Mining is a high-tech industry

A look at high-tech mining in the Kootenays

by Michael Goehring
trucks operating at the teck mine

Current photo of Fording River Operations. — Photo courtesy Teck

May was Mining Month in British Columbia, an important time to recognize the contribution of the industry in communities across B.C., particularly in the Kootenays, which has supported British Columbia’s mining sector for generations, including Teck Resources’ steelmaking coal mines.

The Kootenays are home to 60 companies, five in Kimberley and 55 in Sparwood, that supplied more than $270 million worth of goods and services to 13 major operating mines in 2017. Provincewide, B.C.’s mining industry relied on more than $1.35 billion worth of goods and services from 3,000 mining suppliers located in 125 municipalities and Indigenous communities. These 13 mines are responsible for supporting economic activity throughout the Kootenays—economic activity that is critical to thousands of business owners, workers and their families in communities across B.C.

Over 30,000 British Columbians are employed directly or indirectly by the B.C. mining industry, many in the Kootenays. Of note, the average annual pay for a worker in the mining industry exceeds $115,000—higher than forestry, manufacturing, finance or construction. Jobs in the mining sector continue to be more diverse, higher skilled and better compensated, due in part to the increasing role that technology plays in the sector. 

British Columbians have every reason to be proud of our province’s high-tech mining industry for the key role it plays in our economy, and its contribution in advancing our collective role in the global transition to a lower-carbon economy. As Canada’s largest producer of copper and steelmaking coal, our mines help provide the copper for electric cars and the steelmaking coal required to build green infrastructure like wind turbines. Thanks to B.C.’s abundant clean energy, our copper and steelmaking coal are produced with some of the lowest GHG emissions in the world.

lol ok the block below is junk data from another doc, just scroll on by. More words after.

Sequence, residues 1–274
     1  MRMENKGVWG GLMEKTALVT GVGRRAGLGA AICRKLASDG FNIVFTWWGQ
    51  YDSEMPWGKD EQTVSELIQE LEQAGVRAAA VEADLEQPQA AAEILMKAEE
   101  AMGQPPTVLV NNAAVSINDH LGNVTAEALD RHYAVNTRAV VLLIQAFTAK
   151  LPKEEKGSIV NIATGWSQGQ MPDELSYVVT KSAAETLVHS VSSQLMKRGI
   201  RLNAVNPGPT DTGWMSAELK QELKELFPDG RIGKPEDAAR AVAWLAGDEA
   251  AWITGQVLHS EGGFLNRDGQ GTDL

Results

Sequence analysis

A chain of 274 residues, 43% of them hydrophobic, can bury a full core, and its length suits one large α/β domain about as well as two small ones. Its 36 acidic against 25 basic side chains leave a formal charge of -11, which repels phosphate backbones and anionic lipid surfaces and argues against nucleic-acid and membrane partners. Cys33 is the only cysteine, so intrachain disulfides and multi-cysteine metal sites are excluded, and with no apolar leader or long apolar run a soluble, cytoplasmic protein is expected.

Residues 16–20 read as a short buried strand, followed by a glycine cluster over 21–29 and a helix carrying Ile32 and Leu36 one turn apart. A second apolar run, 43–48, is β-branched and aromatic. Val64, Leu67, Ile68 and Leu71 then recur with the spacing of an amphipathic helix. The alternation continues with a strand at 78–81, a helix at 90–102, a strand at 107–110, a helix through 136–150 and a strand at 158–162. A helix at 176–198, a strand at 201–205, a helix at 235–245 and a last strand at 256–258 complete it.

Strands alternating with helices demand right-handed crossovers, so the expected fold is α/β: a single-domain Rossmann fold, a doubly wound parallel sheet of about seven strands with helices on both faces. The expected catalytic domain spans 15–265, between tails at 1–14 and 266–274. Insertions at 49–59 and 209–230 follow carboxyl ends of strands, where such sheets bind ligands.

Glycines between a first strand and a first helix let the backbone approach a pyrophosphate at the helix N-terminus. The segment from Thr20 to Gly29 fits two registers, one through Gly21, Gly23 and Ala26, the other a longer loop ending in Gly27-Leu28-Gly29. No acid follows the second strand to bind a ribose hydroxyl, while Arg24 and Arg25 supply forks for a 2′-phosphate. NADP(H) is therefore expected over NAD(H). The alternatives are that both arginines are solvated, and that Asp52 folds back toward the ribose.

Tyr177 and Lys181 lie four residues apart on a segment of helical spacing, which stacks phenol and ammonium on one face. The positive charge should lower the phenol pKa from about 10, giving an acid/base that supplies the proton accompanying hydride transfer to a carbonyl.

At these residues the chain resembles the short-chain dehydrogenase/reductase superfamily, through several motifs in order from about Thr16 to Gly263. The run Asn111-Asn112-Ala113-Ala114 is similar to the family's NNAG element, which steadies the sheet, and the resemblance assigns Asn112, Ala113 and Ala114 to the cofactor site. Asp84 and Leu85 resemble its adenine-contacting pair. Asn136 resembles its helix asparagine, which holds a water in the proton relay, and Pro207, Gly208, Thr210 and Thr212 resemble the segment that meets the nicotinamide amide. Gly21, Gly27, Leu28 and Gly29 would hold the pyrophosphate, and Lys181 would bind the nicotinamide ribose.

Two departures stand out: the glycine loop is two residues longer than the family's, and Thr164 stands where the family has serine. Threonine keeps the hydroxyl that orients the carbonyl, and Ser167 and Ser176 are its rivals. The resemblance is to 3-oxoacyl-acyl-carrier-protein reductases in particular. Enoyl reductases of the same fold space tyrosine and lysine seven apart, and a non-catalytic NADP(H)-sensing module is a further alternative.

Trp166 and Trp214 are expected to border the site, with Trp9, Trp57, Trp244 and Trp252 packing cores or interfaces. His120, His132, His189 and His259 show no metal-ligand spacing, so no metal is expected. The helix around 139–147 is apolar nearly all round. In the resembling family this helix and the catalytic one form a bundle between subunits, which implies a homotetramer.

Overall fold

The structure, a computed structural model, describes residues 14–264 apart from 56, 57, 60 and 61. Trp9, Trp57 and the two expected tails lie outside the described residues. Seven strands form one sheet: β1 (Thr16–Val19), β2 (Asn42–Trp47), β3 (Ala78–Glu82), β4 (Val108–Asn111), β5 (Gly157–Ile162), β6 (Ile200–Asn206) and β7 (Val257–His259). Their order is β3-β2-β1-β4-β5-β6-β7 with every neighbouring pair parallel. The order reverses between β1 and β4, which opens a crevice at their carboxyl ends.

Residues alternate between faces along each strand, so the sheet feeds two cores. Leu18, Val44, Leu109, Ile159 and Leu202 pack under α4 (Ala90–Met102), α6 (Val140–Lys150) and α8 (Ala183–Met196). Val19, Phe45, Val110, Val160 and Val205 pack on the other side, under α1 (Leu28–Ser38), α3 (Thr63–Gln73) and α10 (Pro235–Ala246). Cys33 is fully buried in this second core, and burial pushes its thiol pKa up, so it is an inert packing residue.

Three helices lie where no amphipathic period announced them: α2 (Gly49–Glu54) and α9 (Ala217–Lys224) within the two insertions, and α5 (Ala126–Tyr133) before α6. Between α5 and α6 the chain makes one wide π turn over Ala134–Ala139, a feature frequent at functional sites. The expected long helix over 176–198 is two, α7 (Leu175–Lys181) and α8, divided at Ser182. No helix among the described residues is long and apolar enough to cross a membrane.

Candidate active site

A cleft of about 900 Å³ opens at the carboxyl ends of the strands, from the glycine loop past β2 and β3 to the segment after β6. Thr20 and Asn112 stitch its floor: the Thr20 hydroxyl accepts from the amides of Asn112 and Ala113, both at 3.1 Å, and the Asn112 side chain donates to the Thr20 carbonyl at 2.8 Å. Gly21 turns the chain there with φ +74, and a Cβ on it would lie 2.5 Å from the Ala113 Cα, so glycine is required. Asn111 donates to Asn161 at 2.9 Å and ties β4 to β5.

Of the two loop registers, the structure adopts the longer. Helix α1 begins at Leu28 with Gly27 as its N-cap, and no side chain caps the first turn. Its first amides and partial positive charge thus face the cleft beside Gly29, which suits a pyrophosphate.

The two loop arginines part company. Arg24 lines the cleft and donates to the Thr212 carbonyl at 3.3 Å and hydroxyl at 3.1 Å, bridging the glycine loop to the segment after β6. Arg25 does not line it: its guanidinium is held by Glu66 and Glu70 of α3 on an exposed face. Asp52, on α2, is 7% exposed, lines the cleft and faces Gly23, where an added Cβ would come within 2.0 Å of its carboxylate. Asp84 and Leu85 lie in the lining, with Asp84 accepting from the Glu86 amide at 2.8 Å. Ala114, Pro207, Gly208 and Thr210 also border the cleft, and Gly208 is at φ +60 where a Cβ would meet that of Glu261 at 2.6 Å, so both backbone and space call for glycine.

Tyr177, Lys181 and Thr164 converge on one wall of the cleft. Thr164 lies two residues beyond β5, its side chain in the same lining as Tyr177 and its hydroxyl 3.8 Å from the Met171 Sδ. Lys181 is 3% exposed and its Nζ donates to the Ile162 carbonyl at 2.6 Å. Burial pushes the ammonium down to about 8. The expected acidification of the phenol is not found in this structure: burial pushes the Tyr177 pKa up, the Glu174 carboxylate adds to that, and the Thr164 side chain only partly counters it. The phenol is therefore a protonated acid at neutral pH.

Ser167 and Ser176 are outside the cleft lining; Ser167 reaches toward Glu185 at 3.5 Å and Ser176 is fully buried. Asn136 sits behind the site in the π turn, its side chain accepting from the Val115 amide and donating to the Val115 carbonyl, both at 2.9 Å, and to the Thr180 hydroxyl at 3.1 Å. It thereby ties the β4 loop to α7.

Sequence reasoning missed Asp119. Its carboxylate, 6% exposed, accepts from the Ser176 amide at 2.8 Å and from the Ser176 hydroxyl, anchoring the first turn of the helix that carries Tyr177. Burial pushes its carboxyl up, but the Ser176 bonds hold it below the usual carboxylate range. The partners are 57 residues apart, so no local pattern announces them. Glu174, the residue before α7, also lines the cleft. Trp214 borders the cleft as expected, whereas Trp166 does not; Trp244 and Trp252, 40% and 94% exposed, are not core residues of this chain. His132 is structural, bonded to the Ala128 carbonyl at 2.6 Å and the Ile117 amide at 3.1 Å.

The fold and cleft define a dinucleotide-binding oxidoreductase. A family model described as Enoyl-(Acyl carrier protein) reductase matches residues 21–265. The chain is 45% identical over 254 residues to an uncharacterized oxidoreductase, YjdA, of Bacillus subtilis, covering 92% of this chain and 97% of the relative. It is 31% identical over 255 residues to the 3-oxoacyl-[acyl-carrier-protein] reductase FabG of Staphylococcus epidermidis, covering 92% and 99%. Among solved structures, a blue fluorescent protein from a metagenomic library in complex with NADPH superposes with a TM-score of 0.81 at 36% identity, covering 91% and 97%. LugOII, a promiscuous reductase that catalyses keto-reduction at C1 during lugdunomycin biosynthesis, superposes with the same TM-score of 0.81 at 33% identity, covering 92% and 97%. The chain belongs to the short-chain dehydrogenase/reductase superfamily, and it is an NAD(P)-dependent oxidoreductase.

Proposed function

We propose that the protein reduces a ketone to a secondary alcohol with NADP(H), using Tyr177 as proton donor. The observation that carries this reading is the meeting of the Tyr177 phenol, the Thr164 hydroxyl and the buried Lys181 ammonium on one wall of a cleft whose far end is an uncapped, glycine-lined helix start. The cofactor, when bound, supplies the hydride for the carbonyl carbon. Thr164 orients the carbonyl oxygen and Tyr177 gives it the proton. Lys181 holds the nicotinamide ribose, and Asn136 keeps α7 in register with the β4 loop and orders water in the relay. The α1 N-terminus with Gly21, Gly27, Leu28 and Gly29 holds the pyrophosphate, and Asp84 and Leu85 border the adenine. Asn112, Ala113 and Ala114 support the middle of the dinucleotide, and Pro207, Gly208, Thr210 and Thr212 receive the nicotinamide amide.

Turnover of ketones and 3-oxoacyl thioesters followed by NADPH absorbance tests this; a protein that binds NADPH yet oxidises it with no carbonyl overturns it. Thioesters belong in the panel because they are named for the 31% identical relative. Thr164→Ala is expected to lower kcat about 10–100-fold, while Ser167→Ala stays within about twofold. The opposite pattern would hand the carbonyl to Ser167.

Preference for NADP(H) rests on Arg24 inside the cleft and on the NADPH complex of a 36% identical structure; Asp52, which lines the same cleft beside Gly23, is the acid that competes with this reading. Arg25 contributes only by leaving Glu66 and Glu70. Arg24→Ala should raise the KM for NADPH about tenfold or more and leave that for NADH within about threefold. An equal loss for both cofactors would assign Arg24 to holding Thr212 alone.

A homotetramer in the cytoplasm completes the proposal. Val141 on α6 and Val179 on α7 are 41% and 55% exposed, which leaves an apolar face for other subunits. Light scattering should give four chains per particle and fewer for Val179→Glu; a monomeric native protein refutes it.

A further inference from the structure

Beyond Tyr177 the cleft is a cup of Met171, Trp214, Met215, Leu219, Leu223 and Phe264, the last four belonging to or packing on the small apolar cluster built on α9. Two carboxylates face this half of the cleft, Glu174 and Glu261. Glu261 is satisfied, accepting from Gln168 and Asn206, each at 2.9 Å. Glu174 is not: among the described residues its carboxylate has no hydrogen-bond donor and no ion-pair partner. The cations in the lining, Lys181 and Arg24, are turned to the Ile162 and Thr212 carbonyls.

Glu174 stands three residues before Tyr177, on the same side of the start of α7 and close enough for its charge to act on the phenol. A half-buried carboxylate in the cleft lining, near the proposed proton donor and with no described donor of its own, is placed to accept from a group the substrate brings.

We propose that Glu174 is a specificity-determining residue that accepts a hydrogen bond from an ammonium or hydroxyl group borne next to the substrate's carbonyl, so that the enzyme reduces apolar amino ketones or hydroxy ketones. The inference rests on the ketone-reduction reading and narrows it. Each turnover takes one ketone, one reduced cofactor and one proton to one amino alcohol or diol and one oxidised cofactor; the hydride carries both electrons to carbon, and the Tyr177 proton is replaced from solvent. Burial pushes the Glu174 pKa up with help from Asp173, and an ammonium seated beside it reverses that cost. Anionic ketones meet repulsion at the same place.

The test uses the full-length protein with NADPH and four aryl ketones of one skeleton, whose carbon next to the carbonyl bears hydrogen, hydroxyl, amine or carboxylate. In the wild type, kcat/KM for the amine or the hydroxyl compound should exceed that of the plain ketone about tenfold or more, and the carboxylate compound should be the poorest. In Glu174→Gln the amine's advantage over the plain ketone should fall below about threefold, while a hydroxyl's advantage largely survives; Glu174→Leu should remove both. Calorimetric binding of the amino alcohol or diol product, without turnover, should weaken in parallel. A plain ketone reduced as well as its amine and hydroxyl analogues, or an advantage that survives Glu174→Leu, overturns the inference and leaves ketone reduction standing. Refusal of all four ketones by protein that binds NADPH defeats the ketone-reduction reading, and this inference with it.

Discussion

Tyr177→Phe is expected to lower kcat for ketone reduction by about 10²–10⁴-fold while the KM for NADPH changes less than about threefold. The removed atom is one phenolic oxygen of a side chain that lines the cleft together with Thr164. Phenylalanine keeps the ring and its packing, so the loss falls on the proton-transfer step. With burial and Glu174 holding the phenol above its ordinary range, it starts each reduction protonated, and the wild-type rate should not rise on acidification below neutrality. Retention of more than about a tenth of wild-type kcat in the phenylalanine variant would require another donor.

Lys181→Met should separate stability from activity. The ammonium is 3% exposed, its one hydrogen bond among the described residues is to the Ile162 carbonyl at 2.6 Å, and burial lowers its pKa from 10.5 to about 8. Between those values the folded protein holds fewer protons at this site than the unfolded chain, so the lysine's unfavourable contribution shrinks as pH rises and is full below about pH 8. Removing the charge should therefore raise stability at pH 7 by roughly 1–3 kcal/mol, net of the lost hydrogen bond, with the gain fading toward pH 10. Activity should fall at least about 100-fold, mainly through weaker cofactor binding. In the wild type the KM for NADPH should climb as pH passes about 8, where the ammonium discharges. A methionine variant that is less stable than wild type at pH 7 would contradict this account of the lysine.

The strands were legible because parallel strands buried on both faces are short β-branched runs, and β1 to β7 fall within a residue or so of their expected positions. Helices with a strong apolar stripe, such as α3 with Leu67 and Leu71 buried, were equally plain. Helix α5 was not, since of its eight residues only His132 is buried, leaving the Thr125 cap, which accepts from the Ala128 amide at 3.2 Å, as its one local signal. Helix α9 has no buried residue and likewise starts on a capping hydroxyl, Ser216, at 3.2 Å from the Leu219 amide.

British Columbia’s miners have long been innovators and today’s mines are no exception. Technology is enabling our mines to use less, conserve more, and increase the safety and productivity of our operations. B.C. mining companies are using autonomous vehicles and sensors to keep workers out of hazardous environments, reduce carbon emissions and increase operational effectiveness by utilizing highly engineered technology, applications and artificial intelligence that ensure B.C.’s modern mines are digitally connected and optimized. Drone technology is being used to provide real-time aerial footage for mine site maintenance, monitoring and emergency response, while at the same time GPS technology is supporting precision drilling. Furthermore, consultation with communities and Indigenous nations is being enhanced with virtual reality by allowing the 3-D visualization of mine sites.

While the story of B.C.’s growing high-tech sector is also a story about mining, it is important not to lose sight that mining industry needs a clear, consistent and coordinated regulatory framework that supports industry innovation and investment. The Mining Association of British Columbia (MABC) continues to work with government, local and Indigenous communities and labour to improve our province’s competitiveness and attractiveness as a world class mining jurisdiction. B.C. is built on mining and MABC is dedicated to ensuring that communities throughout the Kootenays continue to benefit from a sustainable and growing mining industry, as they have for generations.

Since 1901, the Mining Association of British Columbia has been the voice and advocate for B.C.'s mining industry.

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